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Consumer confidence faltering in a sputtering economy, jobs continuing to move offshore at rapid pace… is this a time to laugh at outsourcing? Why not? As outsourcing vendors get increasingly sophisticated with their offerings - and corporate America gets increasingly greedy about the cost savings - here are a few glorious changes that we can all look forward to.The McDonald's Drive Thru: You drive up to the soporific speakerphone and struggle to make your order heard. You don't know it, but you are speaking to somebody sitting in Jakarta, Indonesia. McDonald's has outsourced drive-thru order processing, and drive-thru orders across restaurants in the U.S. are now immediately relayed in real-time to the Back-office Indonesia Group of McDonalds Asia Corporation (BIG-MAC for short). There, wan associates in tan uniforms - it's an ungodly hour in Indonesia - take your order and instantly transfer it electronically to the restaurant's serving counter, to be readied for you to pay for and pick up. (There were some snafus during user testing - orders placed in Anchorage, Alaska being served in Fort Lauderdale, Florida - but that's all sorted out now.)
Amtrak: "The Adirondack Express is scheduled to depart from Gate 13 in one hour. Passengers are requested to identify their luggage at counters set up near the gate. The train is expected to depart in a timely manner, currently defined as within six hours of the time printed in the schedule, and arrive in Montreal no more than the usual 12 hours late."
You are mildly struck by the peculiar announcement and strongly Irish accent of the announcer, but hey - it's Amtrak, and this is New York City. As you struggle with your luggage, you do not realize - nor possibly care - that the announcer is sitting in Dublin, Ireland, and is now busy announcing the BART train in San Francisco. Yes, the U.S. Federal Government and state governments have joined together in a cost-cutting measure, and all train announcements across the country are now made from Ireland. Real-time data integration technologies have made it possible for announcers in Dublin to view local train arrivals, departures and schedule changes as they happen, and, together with the redoubtable Irish spirit - and spirits - have made the job a cinch.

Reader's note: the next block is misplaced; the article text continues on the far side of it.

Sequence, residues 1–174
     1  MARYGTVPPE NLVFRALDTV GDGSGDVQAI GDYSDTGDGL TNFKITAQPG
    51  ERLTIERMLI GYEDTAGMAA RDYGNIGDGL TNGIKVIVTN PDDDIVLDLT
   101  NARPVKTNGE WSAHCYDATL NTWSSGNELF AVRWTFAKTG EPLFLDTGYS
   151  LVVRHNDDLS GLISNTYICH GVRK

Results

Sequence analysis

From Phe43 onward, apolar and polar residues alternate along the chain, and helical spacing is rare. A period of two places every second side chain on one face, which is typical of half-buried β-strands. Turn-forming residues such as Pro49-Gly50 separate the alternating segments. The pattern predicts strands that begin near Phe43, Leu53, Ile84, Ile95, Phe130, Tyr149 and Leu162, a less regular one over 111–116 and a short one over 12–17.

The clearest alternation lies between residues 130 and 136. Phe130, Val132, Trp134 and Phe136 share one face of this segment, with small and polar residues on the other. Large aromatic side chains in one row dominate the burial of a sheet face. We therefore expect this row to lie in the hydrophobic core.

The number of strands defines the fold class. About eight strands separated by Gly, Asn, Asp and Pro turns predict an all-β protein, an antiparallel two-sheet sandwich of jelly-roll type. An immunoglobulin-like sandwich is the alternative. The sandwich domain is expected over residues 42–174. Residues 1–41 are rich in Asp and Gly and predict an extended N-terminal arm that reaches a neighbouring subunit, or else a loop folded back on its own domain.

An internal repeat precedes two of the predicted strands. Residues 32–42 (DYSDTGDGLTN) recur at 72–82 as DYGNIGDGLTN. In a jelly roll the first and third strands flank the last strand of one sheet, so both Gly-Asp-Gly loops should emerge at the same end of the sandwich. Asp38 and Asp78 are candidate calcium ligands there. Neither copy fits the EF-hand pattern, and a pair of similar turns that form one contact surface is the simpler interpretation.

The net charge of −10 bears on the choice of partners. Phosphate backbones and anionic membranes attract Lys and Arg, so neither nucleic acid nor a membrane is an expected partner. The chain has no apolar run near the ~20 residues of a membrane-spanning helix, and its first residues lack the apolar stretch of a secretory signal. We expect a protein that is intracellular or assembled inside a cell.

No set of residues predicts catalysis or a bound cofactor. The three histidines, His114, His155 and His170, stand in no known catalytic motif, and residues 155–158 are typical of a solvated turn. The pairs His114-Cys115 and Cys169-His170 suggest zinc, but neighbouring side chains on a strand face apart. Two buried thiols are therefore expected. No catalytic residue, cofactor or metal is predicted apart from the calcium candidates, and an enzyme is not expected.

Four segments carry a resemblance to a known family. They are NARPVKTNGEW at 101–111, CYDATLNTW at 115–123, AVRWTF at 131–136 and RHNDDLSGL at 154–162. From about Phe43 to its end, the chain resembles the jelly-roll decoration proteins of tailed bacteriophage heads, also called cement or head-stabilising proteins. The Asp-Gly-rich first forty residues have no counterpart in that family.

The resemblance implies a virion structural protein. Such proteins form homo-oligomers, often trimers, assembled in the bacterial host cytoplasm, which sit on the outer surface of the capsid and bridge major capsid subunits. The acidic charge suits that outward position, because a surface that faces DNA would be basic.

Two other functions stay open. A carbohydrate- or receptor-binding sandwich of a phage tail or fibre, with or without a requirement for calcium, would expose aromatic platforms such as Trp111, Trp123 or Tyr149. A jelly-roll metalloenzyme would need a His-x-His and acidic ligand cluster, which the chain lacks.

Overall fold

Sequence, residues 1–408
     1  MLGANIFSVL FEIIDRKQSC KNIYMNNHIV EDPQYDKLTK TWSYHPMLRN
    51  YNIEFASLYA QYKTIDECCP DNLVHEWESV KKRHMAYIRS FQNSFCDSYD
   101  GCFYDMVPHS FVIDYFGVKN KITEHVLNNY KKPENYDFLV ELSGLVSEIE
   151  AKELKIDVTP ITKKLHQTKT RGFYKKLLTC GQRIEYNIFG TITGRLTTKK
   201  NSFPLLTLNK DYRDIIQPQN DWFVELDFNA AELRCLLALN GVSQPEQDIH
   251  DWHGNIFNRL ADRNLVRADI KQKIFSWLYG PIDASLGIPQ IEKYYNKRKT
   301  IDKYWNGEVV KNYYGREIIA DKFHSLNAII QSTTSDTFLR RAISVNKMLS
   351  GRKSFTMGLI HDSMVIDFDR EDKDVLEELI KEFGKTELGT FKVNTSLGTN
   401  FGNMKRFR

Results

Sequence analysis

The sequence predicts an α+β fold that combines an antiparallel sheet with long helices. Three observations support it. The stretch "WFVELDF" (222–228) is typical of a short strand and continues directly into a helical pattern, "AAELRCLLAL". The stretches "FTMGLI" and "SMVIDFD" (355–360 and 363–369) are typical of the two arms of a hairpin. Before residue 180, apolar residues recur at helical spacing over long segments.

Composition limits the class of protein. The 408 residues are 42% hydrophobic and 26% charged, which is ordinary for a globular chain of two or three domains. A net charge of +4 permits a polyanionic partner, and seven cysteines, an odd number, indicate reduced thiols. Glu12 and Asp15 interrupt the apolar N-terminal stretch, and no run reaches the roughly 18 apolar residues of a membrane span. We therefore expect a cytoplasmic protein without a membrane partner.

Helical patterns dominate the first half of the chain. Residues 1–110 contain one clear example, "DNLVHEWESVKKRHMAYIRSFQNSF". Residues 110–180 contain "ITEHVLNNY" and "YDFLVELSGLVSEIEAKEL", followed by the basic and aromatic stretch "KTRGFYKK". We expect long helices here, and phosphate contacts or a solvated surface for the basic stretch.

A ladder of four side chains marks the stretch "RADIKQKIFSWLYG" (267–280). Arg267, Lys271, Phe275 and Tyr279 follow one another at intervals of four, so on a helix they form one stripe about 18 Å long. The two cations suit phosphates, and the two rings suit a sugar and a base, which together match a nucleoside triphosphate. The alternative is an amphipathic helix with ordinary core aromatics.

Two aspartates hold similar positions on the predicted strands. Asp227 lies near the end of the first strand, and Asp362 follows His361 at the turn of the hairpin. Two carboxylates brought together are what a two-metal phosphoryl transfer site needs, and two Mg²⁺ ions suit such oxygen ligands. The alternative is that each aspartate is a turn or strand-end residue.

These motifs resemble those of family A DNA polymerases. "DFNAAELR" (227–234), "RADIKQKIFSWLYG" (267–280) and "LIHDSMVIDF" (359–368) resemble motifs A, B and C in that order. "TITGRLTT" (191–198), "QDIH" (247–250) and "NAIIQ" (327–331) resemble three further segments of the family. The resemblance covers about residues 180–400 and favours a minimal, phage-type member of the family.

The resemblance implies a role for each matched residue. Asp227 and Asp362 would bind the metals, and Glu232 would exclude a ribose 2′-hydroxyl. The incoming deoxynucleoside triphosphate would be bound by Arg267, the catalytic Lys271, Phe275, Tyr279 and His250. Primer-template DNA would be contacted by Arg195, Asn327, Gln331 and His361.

Lasik Eye Surgery: You don't see your spouse quite as often these days, and, while that's not necessarily bad, what bothers you is that you don't see anything very well these days. It's time to straighten out your vision with Lasik eye surgery. As you get drowsy on the operating table, with pleasant - although blurred - visions of a future without glasses, you see the sophisticated equipment around you and marvel at the miracles of medical robotics and computer assisted surgery. What you don't know - but which certainly could hurt you - is that the Lasik surgeon is, at this very moment, donning his robe in Abidjan, Ivory Coast, preparing to operate on you using the latest in remote-controlled Lasik machines, which use the same technology that NASA uses in controlling spacecraft sent to Mars. There's no time to pray that the doctor has better success than NASA as you blissfully drift off into deep sleep. In the meanwhile, reports are that Lasik eye surgeons across the United States are contemplating a career change.
Freelance Writing: 3 am, local time. My bed-side telephone rings. I groan, pry my eyelids open and reach out for the phone. It's my editor, calling from Pune, India, where he has been relocated along with the entire editorial staff as a cost-cutting measure (US publications are losing money faster than Barry Bonds hits homers): The publisher and I are being sued by McDonald's, Amtrak and the Lasik Surgeons Society of America. "Don't they get it? It's satire, not real - yet," I shriek. Panic stricken, I try calling my lawyer in Haifa, Israel.
Rajan Chandras is a consultant with a global IT consulting, systems integration and outsourcing firm, and can be reached at email@example.com.Consumer confidence faltering in a sputtering economy, jobs continuing to move offshore at rapid pace… is this a time to laugh at outsourcing? Why not? As outsourcing vendors get increasingly sophisticated, and as corporate America gets increasingly greedy about the cost savings, here are a few glorious changes that we can look forward to.